Senegal-born sociologist Moustapha Diou began his career as a researcher for UNESCO. He then took an academic position in the USA, where he worked for 24 years, but he returned to Senegal as an applied sociologist.
Happy International Women’s Day, colleagues!
“The good we secure for ourselves is precarious and uncertain until it is secured for all of us and incorporated into our common life.” – Jane Addams, sociologist, was the second woman to receive the Nobel Peace Prize. Read more
The President of the International Sociological Association (ISA), Professor Margaret Abraham, has addressed the Executive Order by USA President Donald Trump. The Order suspends visas to people born in seven Muslim-majority nations: Iran, Iraq, Syria, Sudan, Yemen, Libya and Somalia. Professor Abraham writes in the ISA newsletter:
This ban is discriminatory, stigmatizing communities and people, and exacerbating forms of social exclusion of specific groups. Further, the ban adversely impacts knowledge production, prevents the free flow of academic exchanges and limits participation of sociologists in national and international conferences. Civil society members, individual academics, professional associations and communities nationally and internationally are responding by voicing their concern, opposing the ban, bringing legal challenges and supporting those affected.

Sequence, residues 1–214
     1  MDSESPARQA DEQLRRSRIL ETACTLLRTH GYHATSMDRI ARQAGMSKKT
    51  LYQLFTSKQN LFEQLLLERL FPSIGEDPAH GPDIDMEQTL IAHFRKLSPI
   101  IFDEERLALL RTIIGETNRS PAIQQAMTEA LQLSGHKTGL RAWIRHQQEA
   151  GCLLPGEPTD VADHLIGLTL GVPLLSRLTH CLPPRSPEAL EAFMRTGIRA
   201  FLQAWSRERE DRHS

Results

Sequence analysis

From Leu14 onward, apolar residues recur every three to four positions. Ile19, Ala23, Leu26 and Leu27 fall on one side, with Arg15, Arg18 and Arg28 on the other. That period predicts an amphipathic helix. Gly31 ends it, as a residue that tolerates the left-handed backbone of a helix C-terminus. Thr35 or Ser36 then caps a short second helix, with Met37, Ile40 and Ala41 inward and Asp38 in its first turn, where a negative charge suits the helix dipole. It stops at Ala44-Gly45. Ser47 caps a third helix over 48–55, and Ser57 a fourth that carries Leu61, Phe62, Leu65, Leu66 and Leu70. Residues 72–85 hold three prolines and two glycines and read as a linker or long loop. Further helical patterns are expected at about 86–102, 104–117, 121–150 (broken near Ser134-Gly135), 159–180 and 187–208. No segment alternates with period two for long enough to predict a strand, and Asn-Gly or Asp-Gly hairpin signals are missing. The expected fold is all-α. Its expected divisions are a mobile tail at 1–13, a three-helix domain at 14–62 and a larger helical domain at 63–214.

Professor Abraham has a call to arms to sociologists to revive hope, inclusion and justice.
As we commiserate with our American colleagues on Inauguration Day 2017, may this courageous lady’s sign bring you some mirth and sociological comfort.
“If Karl Marx was alive he would say, I told you so.”
Photo: Pete Birkinshaw.
By Susan Pitt 
I have finally come to the realisation that I am a sociologist, but some times I have felt like a ship without a rudder. I have drifted off course without the benefit of others around me to steer me back, and I have had to work hard to stay headed in the right direction. I have in the last year completed an Honours degree in Sociology and left the protective bosom of University to find my place in a working world. I no longer have the privilege of being surrounded by people that share my view point on the occurrences that arise continually around me. Here is my story about the discovery of my sociological imagination, and how never having worked inside the realm of academia, my conviction that I am a sociologist has been challenged.
By Anna Bennett
Sociology not only offers us the tools to analyse and assess the society around us but, in addition, it allows us to consider our own experiences and assumptions. Because of its wide focus on the relational dynamics within society, sociology provides the opportunity for a broad range of app roaches to understanding life, promoting inquisitiveness and innovation by integrating both “theory” and “practice”. Sociology not only studies dynamics, it is dynamic. Thus, sociology is often delivered by engaged teachers who ask their students to analyse the society around them and (re)consider their assumptions: promoting analytical thought that is creative and meaningful. The following discussion outlines the context of teaching sociology “outside” academia. It considers the benefits for both students—in terms of fostering the development of analytical skills and opportunities for achievement—and for teachers, in providing a rewarding and enriching environment. This work takes my recent experience of teaching within an enabling course as a case in point.